New Orleans and the Dark Prince of Finance


Having spent a month now in New Orleans, I found that there aren’t many places that wear their history on their sleeves the way New Orleans does. A rich and difficult history  stretching over hundreds of years, making it a place where a constant and often painful dialogue with past is present. A past that is still hard to deal with while simultaneously informing its rich culture. Throughout my stay here at the Deltaworkers this history presented itself to me in very real and visceral ways.

Connected, but less viscerally present, is perhaps the role New Orleans and Louisiana played in the development of our current financial system. New Orleans served as the ‘subject of investment’ of what we might call the first modern financial bubble in history. As it turns out, the founding of New Orleans has a peculiar relationship to our current global economic system.

To understand this we have to go back to the year 1716. Louisiana was already under French rule, but the city itself, New Orleans was yet to be founded. The Louisiana territory stretched out all the way in the Mississippi River valley of North America and was believed to be full of potential, ready to be discovered and mined for resources. By that time the french economy was in ruins. The wars waged by Louis XIV left the country completely wasted, both economically and financially. France was desperate for an answer, and in 1716 the John Law, a Scottish economic theorist, and financial wizard established the Banque Generale in France. Law proposed to stimulate industry by replacing gold with paper credit, increasing the supply of credit, and to reduce the national debt by replacing it with shares in economic ventures.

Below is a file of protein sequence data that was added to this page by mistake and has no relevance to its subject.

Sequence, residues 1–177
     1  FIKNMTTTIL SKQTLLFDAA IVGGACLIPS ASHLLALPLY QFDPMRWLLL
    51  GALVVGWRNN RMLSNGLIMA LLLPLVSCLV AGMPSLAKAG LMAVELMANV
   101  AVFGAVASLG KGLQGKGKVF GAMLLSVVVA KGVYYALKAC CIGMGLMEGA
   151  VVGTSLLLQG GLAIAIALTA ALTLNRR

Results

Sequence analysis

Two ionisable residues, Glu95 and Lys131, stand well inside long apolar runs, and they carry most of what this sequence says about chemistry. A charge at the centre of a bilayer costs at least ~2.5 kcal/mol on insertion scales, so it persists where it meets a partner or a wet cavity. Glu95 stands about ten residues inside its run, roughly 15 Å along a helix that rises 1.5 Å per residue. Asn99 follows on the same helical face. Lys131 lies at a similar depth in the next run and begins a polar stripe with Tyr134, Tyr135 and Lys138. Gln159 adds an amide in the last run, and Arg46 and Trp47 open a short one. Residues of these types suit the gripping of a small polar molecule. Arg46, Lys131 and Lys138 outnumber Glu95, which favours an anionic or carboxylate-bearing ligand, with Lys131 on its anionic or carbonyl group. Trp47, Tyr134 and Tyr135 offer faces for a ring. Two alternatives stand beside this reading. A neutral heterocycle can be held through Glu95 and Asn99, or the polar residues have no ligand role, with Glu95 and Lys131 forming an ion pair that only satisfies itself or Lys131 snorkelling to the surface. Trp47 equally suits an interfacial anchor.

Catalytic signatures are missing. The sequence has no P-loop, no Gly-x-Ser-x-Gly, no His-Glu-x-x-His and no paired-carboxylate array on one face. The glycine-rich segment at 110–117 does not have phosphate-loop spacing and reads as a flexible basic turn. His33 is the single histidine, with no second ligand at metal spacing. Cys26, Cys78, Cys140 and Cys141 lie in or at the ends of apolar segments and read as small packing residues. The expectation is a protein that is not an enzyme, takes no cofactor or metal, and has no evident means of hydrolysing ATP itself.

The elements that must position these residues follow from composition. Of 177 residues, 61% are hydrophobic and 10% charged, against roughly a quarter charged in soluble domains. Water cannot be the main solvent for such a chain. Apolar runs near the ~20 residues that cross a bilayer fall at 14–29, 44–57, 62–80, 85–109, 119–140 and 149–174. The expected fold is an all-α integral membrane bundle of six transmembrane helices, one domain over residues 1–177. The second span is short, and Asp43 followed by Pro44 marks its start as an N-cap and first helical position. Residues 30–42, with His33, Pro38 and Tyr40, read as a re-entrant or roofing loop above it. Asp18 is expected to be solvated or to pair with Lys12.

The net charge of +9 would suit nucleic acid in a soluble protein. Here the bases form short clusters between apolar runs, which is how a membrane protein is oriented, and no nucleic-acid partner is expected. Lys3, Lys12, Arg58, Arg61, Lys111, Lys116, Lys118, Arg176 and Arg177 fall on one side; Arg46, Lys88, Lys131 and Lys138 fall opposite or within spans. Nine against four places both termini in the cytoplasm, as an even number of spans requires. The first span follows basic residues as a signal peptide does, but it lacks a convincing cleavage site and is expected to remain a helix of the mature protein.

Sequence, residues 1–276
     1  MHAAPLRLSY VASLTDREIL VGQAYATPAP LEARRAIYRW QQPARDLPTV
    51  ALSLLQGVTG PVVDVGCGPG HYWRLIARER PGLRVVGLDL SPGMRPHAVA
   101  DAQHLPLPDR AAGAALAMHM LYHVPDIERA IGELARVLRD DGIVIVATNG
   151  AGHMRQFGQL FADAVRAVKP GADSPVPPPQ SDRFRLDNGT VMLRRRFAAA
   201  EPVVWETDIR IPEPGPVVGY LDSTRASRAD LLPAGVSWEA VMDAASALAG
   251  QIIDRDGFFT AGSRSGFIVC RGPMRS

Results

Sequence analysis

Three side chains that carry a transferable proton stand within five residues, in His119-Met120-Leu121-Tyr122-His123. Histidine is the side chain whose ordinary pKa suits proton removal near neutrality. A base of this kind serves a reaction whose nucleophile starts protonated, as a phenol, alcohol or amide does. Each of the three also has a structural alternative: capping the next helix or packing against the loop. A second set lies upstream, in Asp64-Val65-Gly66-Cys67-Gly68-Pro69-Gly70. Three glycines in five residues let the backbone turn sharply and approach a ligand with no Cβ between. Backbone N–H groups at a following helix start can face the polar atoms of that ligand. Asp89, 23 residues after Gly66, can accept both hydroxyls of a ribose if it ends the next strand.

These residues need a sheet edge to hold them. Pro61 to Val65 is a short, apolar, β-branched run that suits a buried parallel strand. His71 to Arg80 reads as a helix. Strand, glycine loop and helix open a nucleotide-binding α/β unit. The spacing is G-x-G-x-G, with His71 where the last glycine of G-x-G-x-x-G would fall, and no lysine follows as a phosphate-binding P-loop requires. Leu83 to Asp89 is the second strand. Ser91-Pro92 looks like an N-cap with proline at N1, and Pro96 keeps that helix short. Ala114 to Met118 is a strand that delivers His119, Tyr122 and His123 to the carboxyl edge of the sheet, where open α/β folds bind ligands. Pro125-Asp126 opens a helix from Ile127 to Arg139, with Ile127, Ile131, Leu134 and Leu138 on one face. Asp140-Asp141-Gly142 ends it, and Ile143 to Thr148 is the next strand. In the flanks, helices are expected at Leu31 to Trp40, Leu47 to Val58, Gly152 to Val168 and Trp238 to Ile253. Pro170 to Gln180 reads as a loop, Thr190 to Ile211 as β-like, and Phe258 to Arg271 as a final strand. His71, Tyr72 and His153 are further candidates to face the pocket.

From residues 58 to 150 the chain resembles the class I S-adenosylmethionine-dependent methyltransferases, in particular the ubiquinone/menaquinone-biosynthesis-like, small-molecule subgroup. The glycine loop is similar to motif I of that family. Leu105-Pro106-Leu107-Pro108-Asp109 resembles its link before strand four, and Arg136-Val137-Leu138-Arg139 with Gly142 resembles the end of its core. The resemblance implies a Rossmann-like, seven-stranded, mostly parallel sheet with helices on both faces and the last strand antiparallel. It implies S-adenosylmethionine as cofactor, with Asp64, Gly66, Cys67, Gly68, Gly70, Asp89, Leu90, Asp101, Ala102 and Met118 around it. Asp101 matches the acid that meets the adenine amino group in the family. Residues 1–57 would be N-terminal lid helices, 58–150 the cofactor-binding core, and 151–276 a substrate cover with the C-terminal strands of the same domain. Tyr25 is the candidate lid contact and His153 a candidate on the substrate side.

So under the control of Law the Banque General obtained the authority to issue notes. A decision Influenced by the time John Law had spent in Amsterdam. During his time there he was impressed by the share system of the Dutch East Indies Compagnie and the Bank of Amsterdam. He noted its contribution to the prowess of the Dutch in their trade and commercial endeavours, (despite having no more natural advantages than for instance his native Scotland). Furthermore The Bank of Amsterdam had created an internal system where merchants could settle their accounts by direct cashless transfer. Although impressed John Law simultaneously felt the system fell short – The Bank of Amsterdam never issued bank notes to the public.